Sunday, October 7, 2007

THE CHILD HEART by Louis and Carol Gordon and Kathryn Butler Turner

Louis and Carol Gordon are the founders of a ministry called Heart Menders. Their "strength is revelation from God about unhealed 'child heart' hurts."

According to the book, the way this works is this: pretty much absolutely everyone has wounds that have not healed from things they have suffered in the past: feelings of inferiority, insecurity, stubbornness, fear, self-pity, pride, negativity, and so forth. One of the areas of emphasis for Heart Menders is dysfunctional families, where these feelings can occur prevalently. The message is that people can be healed through forgiveness, repentance, becoming "child-like", and "redefining ourselves through the Word."
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At its core, it seems to me that the underlying issue here is sanctification. Each Christian has different aspects of himself that he has issues with. Some areas are submitted fully to the Lord; others are problematic. Taking Jesus' metaphor from John 15, these areas are the ones that not only do not produce fruit, they cause us all manner of pain and difficulty. As we allow Jesus to take over these areas, and as we become higher-quality Christians, we are freed from hurts that, while not self-inflicted at the start, become so because we are unable to let them go and move on. In other words, if somebody stabs me with a knife, that's one thing, but it's quite another if I never take it out. So we have here an emphasis on sanctification's earthly, immediate purpose, which is a relatively neglected aspect of it, I think. In essence, this book advocates sanctification for quality of life. Which is absolutely fine.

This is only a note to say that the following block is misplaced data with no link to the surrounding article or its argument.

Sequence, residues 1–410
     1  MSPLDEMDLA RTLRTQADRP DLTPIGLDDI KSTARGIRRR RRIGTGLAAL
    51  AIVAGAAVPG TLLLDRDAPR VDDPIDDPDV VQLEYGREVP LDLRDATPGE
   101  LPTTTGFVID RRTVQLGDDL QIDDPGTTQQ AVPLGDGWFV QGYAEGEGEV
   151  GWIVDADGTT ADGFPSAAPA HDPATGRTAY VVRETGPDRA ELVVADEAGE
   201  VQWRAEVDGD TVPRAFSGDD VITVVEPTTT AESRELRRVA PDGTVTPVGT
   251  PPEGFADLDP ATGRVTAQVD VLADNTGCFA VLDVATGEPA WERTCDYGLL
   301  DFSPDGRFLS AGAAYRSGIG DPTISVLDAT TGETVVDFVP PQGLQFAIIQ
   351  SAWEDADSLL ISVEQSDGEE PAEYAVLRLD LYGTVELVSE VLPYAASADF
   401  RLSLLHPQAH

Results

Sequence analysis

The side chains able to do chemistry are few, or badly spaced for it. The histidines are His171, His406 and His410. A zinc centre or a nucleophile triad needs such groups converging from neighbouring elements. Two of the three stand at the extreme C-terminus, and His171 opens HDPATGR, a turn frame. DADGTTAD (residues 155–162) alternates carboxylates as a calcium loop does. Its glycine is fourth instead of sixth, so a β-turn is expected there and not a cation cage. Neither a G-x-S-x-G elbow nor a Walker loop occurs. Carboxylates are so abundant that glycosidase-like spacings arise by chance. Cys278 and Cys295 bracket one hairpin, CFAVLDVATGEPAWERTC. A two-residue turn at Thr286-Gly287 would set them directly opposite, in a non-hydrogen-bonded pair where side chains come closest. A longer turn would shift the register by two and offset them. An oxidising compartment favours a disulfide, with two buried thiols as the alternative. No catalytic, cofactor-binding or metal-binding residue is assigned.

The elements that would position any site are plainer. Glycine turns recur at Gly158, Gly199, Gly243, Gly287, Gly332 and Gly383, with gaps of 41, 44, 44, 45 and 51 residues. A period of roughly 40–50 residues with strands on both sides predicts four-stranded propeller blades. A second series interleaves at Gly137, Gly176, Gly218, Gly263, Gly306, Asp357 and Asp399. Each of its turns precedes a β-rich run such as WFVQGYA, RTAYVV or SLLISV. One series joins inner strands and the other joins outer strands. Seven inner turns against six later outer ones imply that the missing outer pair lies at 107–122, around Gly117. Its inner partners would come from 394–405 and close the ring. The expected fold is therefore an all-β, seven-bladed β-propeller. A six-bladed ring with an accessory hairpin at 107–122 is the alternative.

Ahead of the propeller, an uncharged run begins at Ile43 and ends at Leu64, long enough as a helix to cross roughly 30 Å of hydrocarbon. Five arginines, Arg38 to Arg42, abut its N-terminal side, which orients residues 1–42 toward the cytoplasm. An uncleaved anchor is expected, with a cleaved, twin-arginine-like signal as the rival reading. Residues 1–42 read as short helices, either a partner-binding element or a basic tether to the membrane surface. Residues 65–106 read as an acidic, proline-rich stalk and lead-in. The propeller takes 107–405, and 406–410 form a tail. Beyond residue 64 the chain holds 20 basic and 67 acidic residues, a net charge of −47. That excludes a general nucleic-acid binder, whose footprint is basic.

This book comes to us from deep within Charismaticland. Which is a nice place to visit, but I wouldn't want to live there. At any rate, there are some very questionable and eyebrow-raising theological points made, which I will not go into because they are, for the most part, beside the point of the book. The baby to bathwater ratio here is well within acceptable parameters.

This is not a particularly well-written book. These people are in ministry; they are not professional writers. That's fine. I understand that. But this is the kind of book where someone like me has to push past all the excessive and unnecessary bolds, capitalizations, exclamation points, and use of the King James.

The principles in this book are, for the most part, sound. Unfortunately, the quality of the book is not.